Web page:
Have you seen this consultation currently out by the Welsh Government (WG)? (WAG is no more, we must learn to call them indoors in the Cardiff Senedd a Government). Do seek it out and give your views – it has not exactly been advertised widely, and it is obviously aimed mainly at those in the planners club. It is at:  


Anything pertaining to planning attracts me like a magnet, because the longer I work with CPRW to protect our outstanding Welsh uplands and green areas, the more I see a system that is increasingly dysfunctional and community-unfriendly. Don’t get me wrong, I think our planning constraints, largely seen as necessary and codified first in the 1930’s and the 1947 Act, have been a huge benefit compared with other non-third world countries that have not conserved their countryside – Ireland and Portugal for a start, where’s the countryside? – but I fear the original intention is being lost, or worse, perverted by land speculators.  

What problems do I see in the current system? What do I think needs changing?

  • Growth – get away from the assumption of perpetual growth, exhibited in planning guidance by constant reference to ‘delivery’ of a ‘continuous supply’ of land. Let’s get real, it is not yet possible to manufacture and deliver land, like pizzas.
  • Sustainability – is a popular concept, promoted as a basic ethic by WG – but planners and politicians don’t understand what it means. Spell it out in planning terms – including that recycling brownfield land should be the norm, building on green fields should be a rarity when all other solutions for an absolutely essential development have failed.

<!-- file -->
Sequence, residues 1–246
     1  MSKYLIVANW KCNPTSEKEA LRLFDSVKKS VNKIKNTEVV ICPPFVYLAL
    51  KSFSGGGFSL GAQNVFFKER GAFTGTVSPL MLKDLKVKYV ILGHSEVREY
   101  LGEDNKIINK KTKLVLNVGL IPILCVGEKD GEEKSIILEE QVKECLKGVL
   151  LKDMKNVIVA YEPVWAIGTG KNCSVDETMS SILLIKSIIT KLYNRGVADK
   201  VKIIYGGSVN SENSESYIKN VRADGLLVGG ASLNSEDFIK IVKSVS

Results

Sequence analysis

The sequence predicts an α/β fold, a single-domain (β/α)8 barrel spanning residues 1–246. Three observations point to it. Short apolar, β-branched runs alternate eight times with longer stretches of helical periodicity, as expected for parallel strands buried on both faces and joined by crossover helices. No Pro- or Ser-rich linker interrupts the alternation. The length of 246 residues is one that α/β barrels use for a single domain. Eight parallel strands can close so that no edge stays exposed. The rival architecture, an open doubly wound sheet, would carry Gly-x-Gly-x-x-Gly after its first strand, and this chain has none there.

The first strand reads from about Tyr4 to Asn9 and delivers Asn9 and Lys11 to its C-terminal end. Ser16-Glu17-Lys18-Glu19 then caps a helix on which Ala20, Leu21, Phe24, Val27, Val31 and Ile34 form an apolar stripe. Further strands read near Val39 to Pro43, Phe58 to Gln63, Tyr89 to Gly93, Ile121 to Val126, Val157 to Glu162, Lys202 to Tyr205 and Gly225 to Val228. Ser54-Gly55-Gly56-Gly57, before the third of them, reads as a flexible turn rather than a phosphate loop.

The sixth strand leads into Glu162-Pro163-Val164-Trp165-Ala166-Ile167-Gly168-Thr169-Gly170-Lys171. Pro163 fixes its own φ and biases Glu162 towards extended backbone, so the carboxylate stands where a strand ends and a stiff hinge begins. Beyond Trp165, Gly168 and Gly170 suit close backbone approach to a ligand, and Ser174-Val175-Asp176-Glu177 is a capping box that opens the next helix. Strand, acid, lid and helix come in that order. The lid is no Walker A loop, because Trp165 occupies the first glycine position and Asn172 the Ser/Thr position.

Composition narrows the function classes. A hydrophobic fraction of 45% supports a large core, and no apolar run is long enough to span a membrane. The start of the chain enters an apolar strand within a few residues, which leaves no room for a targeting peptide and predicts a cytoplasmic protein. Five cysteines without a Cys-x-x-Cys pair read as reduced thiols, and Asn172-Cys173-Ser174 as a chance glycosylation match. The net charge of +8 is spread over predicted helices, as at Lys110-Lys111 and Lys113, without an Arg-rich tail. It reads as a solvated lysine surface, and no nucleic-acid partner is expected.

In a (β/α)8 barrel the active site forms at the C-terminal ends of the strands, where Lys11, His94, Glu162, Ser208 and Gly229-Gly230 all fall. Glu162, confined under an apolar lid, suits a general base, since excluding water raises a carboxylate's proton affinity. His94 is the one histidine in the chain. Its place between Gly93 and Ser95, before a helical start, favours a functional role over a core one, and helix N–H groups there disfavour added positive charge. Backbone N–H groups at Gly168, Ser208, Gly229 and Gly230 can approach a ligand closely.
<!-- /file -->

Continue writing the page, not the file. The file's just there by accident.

• Community agreement – (there’s a radical idea!) – make it a statutory requirement to prove that, say, 80% of the local population has seen and understands the implications of strategies such as LDPs. LAs should be required to provide an independent source of information and awareness-raising for local people, including doorstepping all residents, pointing out strategic and local proposals, recording that residents have understood the implications, etc. Then community groups should then be funded to campaign against proposals they object to – thus levelling up the completely tilted playing field we have at present.        

You see, I agree with a website I have just picked up on whilst researching for this post that the planning of an area should be carried out communally so that:

‘there will be more chance of being able to create and maintain built environments that satisfy both individual and community needs’

This site is  I didn’t find it an easy site, it has an enormous content of other resources, and advice on campaigning, but not for instance on options for establishing a community planning group (or perhaps I haven’t found it yet). But it was rewarding to find a movement with the same views that I have reached. 

There are certainly many other relevant sources of information and radical thought about how we can live together (in planning terms, I mean!) that I haven’t found yet – I don’t pretend to be an expert. But I am aware of the UK Localism Act, neighbourhood planning, the triple bottom line (on sustainability). Get involved – one option is of course to join CPRW – check out